7 things your business plan should include

Too many businesses fall into the trap of starting to trade before they have fully planned their new venture and then they wonder why it fails. If they had put the time into researching and writing a business plan, they would either have predicted the company wasn’t viable, or altered the business model.

The act of writing a business plan forces you to examine every aspect of your proposed business, exposing any weaknesses and how to address them before you start incurring expenditure.

It’s a common misconception that a start-up only needs a proper business plan when they need to raise finance. Of course, this is when it becomes indispensable, but you’ll also find a business plan invaluable in establishing a company, as not only will it clarify your thinking as you set your business up, but it will go on to help you evaluate its performance against your projections. This is essential for identifying areas of shortfall or poor performance that could go on to affect your start-up’s profitability and potential for growth.

So how do you write an effective plan?

Unfortunately, you can’t just download an off-the-shelf template, because every business has different requirements and your considerations will vary, depending on the type of operation and the return that you hope to realise. Perhaps the most effective technique is to put yourself in the shoes of a potential investor; what would you want to know before putting your money into someone else’s business idea?

Broadly speaking, every business plan should include the following information:

1) An executive summary

Brief and to the point, this should summarise the contents of the plan. It should include what your business will do; where your businesses opportunities are; if you or your team has a track record in the sector or in business; financial projections; costs and funding needed. If you are using your plan to attract funding, remember that this might be the only sheet that gets read before it lands on the ‘no’ pile. You’ll find it easier to write this last, once you’ve collated all the data for the plan and your thinking will be at its most informed.

2) Background detail on your business

This should expand on the executive summary and explain in more depth what the business is; what it does, what its advantages are, what makes it different, why customers will buy your product or service, and what position the business is presently in.

3) Research based market analysis

This should establish that there will be a market demand for your offering. Combine primary and secondary research. In other words, talk to potential customers and read up on the market. Actually speaking to potential customers will give you a real world response to your idea, so ask what they would like to see included. If their needs aren’t being met by competitors, find out why and aim to incorporate this into your business model. It is also crucial to understand your competitors strengths and weaknesses. They will have proven there is a market in your sector, but how can you attract their customers?

4) Sales strategy

Explain how you will sell your product or service and how will it reach the end consumer. Include your marketing plan here, explaining how you intend to generate growth and, most importantly, projected profit margins. State any existing customers or interested parties for large orders.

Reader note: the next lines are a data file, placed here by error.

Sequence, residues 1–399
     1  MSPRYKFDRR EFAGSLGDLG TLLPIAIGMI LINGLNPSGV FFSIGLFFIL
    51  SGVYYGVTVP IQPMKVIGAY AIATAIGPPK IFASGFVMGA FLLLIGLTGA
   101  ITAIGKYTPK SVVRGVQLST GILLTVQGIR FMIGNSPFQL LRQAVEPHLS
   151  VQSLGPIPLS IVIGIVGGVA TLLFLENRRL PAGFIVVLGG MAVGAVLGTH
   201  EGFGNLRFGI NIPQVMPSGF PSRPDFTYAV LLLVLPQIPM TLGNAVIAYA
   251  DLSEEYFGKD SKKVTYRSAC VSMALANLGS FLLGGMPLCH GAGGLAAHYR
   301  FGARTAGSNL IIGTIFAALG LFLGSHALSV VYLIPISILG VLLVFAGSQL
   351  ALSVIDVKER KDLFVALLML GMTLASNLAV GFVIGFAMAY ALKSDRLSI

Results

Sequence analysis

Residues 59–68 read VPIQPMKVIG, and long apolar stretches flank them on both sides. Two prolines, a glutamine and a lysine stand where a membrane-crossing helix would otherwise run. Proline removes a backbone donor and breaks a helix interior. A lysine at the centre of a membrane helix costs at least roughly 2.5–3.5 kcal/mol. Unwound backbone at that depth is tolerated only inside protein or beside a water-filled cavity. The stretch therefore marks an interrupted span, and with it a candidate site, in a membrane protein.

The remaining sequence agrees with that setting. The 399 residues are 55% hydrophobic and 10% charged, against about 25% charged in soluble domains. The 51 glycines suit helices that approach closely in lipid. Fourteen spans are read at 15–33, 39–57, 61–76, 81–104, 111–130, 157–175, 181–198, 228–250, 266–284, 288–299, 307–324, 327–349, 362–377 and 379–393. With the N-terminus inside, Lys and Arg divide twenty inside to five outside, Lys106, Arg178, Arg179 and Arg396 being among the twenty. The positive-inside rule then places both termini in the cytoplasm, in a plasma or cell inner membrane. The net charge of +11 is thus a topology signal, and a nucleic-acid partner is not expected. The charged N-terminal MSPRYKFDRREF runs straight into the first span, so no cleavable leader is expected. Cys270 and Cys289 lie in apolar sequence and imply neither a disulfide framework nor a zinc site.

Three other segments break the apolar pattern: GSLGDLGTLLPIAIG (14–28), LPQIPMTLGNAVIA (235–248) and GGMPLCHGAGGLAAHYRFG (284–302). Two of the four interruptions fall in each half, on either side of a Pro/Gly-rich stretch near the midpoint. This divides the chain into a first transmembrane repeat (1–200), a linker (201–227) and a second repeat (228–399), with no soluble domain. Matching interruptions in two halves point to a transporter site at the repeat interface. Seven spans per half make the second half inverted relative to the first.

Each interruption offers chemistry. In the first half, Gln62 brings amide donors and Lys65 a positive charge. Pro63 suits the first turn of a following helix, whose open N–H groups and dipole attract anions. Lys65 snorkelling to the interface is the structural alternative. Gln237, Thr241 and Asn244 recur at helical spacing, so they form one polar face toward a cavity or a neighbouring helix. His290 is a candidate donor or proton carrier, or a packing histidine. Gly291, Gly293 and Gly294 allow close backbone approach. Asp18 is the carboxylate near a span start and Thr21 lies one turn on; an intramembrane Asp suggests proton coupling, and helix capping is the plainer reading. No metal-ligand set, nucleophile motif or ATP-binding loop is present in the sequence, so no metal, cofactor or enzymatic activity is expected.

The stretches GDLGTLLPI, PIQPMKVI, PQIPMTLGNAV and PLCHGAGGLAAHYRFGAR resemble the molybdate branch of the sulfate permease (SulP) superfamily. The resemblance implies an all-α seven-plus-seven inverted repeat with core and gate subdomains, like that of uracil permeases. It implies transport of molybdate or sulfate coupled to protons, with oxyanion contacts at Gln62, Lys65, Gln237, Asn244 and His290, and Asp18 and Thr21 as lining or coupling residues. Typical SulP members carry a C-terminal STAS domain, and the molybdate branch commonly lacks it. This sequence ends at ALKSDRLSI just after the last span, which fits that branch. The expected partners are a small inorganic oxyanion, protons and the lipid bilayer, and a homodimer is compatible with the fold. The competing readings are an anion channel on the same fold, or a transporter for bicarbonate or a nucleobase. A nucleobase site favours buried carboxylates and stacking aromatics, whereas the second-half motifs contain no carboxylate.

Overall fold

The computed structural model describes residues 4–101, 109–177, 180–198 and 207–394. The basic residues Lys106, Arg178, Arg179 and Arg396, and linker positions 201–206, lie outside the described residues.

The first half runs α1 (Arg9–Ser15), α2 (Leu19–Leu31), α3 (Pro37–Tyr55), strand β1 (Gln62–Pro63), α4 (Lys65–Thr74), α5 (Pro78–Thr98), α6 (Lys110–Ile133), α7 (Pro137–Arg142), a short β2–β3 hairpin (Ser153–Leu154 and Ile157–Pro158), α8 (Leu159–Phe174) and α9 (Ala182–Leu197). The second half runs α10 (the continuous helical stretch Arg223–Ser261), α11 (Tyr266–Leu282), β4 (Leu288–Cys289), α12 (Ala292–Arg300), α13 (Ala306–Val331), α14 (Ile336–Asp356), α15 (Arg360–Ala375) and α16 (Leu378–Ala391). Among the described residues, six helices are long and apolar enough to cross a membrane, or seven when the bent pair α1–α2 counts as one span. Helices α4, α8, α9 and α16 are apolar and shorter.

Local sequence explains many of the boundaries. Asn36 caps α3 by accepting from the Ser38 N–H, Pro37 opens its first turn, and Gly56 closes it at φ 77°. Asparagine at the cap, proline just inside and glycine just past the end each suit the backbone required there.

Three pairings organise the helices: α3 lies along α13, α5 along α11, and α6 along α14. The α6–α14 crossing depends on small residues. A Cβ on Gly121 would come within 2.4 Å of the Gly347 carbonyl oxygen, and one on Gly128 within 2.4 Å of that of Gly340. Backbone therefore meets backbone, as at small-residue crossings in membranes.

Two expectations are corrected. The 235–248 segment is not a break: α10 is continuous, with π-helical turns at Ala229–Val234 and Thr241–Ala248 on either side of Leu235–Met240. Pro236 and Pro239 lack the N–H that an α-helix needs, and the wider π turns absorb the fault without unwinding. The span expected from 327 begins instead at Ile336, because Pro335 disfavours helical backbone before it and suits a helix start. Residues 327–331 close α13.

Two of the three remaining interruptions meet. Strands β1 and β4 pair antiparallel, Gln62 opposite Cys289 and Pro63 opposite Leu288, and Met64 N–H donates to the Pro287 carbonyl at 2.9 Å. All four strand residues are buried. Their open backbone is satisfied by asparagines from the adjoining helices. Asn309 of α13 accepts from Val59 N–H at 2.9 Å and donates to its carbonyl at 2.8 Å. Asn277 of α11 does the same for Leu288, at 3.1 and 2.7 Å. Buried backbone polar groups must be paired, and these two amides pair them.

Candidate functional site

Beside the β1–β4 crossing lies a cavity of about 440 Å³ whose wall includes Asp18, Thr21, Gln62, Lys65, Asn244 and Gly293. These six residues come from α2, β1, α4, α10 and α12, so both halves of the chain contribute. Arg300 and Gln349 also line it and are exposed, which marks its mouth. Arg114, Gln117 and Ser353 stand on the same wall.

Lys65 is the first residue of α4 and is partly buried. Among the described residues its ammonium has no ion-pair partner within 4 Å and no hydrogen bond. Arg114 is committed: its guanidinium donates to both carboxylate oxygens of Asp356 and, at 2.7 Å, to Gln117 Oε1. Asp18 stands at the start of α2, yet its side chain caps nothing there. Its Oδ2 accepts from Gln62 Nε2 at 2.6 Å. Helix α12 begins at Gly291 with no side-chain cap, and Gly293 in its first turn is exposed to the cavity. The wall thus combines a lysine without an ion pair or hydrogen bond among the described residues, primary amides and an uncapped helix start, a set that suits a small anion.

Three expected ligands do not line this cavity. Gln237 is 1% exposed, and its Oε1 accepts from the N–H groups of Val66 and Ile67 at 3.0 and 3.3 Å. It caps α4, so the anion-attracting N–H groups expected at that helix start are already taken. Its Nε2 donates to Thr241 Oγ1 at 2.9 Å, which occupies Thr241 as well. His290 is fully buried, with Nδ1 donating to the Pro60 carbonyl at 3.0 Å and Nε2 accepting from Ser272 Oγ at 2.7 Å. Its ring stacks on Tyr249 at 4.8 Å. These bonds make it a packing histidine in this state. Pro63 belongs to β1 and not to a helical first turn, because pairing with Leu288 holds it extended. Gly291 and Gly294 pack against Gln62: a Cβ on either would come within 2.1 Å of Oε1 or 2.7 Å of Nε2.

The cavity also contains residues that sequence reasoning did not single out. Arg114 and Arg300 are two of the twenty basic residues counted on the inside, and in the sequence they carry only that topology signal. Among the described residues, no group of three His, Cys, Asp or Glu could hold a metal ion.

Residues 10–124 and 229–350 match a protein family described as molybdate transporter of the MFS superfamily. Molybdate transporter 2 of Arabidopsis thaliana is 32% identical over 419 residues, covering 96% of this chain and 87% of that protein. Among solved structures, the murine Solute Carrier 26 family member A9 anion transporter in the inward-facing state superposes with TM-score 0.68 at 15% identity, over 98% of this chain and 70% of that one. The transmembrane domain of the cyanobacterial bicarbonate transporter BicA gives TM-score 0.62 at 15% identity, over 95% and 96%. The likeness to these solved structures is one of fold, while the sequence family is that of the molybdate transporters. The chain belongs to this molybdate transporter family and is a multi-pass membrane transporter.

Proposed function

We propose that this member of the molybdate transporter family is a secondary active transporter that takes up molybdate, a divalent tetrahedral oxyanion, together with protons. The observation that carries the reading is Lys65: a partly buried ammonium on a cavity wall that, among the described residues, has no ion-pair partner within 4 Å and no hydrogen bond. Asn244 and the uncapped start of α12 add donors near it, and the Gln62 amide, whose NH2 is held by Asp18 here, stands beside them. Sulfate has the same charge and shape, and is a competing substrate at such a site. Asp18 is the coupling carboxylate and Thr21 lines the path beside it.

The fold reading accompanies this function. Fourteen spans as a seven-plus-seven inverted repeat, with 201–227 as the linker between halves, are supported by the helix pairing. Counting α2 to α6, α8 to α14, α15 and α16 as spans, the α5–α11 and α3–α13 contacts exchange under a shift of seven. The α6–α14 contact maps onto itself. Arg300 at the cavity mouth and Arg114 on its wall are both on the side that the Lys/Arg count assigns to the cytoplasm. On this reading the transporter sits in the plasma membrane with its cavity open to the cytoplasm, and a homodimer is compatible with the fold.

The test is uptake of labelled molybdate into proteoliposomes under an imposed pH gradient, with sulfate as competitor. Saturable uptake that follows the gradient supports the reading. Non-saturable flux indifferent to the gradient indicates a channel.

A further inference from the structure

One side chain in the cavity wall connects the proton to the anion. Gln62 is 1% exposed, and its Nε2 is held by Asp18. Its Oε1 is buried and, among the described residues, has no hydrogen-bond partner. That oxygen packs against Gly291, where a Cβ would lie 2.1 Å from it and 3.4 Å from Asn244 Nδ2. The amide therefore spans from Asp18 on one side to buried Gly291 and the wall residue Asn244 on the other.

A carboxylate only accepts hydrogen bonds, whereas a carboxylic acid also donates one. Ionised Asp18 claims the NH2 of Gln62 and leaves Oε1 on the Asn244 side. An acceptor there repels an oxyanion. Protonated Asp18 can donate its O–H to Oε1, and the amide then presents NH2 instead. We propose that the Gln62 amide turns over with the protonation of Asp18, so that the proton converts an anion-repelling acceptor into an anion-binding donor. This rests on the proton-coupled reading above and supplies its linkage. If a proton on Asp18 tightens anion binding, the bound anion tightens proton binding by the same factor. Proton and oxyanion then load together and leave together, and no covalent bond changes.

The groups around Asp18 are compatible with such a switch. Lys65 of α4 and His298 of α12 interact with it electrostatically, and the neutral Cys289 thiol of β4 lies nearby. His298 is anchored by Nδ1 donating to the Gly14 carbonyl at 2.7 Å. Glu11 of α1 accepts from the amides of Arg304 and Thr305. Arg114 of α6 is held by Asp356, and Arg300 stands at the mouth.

5) Relevant experience

Remember that if someone is considering investing in your business, they are investing in you or your management team. You need to convince them that the business either has industry specific or general business experience, preferably both. Even if you’re not seeking investment, you still need to ensure that your business has the right leadership to ensure success.

6) Financial projections

This is the single most important area of your plan, so you should spend a lot of time on it. It should detail projected income and expenditure to establish whether the business is profitable. You’ll need to include realistic forecasts regarding sales, cashflow, three-year profit-and-loss forecasts, break-even analysis, and projected balance sheets. Don’t fix the figures to suggest rapid growth and unrealistic profits. Any investor will see through it and you’ll only be fooling yourself. If the income you need to cover the required spend based on your research is unrealistic, this is the time to revise your business model, or consider another venture entirely. Far better to do that now, than after months or years of hard graft.

7) Exit strategy

No business will last forever and, particularly if you have raised finance from investors, they will want to know your exit strategy so that they know how, and when, they will get their investment back. There is an old saying that investors always walk into a room backwards so they can keep their eye on the exit! Keep this is mind and set out in your plan how and when you intend to exit the business.

Noel Guilford, Principal at Guilford Accounting
Noel Guilford is the principal of Guilford Accounting a small business accountancy practice specialising in advising owner-managed businesses on current accounting, finance, and tax matters. You can reach him via email at noel@guilfordaccounting.co.uk or by phone at 01244 660866. He is the author of the 'Figure it out - an entrepreneurs guide to understanding your business numbers' which you can obtain by visiting guilfordaccounting.co.uk.​​​​​​​​​​​​​​​​​​​​​​​​​​​​​​​​​​​​​​​​​​​​​​​​​​​​​​​​ His latest book, How to Build a Successful Business' will be published in 2018.

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